Why follow up with detractors?​​​​​​​ Saving relationships and improving client service  

What is a detractor?
A client who has given a score of 0 to 6 in response to the question – how likely are you to recommend us to a friend or colleague? – according to the Net Promoter System* global standard.

What does a detractor score mean?
The client:

  1. Is not an advocate for the firm

  2. Is not looking for opportunities to recommend or refer the firm

  3. Won't contribute to firm growth

  4. Might be a retention risk

  5. Is a likely source of brand damaging word-of-mouth.

Overcoming bad word-of-mouth?
After hearing a negative recommendation, potential clients usually need to hear a number of positive referrals before they are likely to again consider becoming a client. As a result detractors can do more harm than is outweighed by their fee contribution.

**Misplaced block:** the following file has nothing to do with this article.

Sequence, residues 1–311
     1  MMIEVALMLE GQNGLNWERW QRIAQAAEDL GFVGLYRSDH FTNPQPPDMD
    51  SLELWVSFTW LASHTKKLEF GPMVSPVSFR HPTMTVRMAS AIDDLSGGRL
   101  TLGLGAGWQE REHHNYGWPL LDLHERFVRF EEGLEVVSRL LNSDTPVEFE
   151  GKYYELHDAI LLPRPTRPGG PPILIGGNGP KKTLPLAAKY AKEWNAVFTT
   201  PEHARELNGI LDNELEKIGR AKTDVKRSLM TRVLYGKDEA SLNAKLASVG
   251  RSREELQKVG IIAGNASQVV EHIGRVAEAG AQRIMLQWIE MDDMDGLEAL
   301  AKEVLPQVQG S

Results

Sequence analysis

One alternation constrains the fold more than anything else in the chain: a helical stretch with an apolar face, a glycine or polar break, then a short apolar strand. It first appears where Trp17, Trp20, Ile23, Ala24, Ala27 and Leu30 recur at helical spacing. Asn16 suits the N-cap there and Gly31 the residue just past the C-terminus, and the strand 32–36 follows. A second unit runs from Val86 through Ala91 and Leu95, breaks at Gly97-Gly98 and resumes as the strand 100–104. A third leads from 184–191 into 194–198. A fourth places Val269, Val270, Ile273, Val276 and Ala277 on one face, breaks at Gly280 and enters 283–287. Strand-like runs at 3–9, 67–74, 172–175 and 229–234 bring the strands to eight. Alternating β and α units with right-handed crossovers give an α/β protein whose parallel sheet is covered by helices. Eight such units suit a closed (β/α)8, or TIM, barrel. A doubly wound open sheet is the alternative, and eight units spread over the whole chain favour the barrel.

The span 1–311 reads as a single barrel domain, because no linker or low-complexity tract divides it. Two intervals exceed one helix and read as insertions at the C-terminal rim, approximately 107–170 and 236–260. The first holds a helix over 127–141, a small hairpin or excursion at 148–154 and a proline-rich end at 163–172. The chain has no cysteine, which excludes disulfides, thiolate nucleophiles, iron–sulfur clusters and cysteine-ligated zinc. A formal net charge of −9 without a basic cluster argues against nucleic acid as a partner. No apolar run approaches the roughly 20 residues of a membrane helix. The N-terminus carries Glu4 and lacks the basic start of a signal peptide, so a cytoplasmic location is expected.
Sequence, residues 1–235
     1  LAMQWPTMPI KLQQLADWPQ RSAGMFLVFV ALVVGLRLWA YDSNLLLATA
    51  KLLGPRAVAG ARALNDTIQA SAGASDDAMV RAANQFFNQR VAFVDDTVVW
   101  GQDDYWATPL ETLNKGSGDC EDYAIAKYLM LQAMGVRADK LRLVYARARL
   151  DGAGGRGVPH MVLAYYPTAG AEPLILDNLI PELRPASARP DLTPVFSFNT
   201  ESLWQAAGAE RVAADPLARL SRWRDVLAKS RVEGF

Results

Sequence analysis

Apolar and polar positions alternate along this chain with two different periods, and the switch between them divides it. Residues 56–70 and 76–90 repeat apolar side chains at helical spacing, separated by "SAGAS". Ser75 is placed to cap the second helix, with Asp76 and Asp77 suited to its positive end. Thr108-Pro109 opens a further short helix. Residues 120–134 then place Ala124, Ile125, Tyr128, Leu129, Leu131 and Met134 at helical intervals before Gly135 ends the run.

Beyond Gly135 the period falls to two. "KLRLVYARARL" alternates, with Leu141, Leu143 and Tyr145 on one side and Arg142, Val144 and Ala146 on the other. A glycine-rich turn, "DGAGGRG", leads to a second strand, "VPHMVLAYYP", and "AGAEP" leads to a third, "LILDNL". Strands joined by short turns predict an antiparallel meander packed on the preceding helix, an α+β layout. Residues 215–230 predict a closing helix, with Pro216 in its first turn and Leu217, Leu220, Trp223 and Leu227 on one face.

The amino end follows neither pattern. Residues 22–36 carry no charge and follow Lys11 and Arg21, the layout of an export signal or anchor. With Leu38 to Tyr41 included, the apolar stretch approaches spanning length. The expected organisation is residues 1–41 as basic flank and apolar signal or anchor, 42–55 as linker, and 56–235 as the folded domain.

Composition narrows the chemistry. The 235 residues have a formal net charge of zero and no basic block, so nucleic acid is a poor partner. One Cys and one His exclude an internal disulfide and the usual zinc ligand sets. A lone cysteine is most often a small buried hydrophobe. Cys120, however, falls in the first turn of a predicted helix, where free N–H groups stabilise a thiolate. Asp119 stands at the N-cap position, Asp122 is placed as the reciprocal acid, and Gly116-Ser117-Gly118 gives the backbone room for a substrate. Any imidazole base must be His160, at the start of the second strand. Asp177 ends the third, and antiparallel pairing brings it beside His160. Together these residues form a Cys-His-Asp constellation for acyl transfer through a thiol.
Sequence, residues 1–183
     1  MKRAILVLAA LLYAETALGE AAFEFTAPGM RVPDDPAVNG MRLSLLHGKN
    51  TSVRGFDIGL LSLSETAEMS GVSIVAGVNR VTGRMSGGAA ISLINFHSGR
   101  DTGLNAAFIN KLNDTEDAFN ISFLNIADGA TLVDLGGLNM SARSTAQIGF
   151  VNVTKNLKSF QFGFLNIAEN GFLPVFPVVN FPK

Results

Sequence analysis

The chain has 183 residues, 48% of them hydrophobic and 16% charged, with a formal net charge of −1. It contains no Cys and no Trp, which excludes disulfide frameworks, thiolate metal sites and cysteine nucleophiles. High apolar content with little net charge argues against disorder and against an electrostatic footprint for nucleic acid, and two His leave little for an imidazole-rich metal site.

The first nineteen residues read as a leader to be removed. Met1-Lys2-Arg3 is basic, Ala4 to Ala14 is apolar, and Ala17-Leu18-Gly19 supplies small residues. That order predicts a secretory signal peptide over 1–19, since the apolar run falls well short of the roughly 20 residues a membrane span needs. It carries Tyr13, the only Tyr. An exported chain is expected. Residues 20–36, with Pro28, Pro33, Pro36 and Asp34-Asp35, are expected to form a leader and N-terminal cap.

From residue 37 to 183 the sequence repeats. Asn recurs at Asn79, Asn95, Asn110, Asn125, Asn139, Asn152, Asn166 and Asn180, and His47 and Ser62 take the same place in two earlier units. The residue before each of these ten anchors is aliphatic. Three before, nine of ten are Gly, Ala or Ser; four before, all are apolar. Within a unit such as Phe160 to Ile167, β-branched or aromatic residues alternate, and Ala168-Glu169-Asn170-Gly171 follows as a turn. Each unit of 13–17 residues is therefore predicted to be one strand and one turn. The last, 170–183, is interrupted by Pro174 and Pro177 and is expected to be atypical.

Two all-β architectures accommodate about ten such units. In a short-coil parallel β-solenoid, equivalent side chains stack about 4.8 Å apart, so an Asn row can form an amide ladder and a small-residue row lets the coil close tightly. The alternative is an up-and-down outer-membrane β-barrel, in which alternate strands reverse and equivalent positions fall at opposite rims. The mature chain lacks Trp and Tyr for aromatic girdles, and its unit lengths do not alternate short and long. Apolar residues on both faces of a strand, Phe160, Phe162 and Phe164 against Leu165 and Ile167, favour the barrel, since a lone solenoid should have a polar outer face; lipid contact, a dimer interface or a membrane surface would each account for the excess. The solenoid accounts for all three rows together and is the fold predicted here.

Why is detractor follow-up important?
It is vital the firm learns the reasons why the client is not very likely to recommend the firm. If it is because their own experience is below their expectations, then this needs to be explored in detail, so that adjustments can be made.

Not following-up undermines the NPS program
Not bothering to follow-up sends a poor client-service message and undermines the survey process itself. A client may well think – why should I continue to participate if it makes no difference and no one even acknowledges my feedback.

The growth potential
Making changes designed to address the concerns of a client can help, not only ensure the client is retained, but over time improve their level of satisfaction, loyalty and advocacy – turning a drain on firm growth into a promoter of growth.

*Net Promoter ScoreⓇdeveloped by Fred Reichheld, Bain & Co

Greg Tilse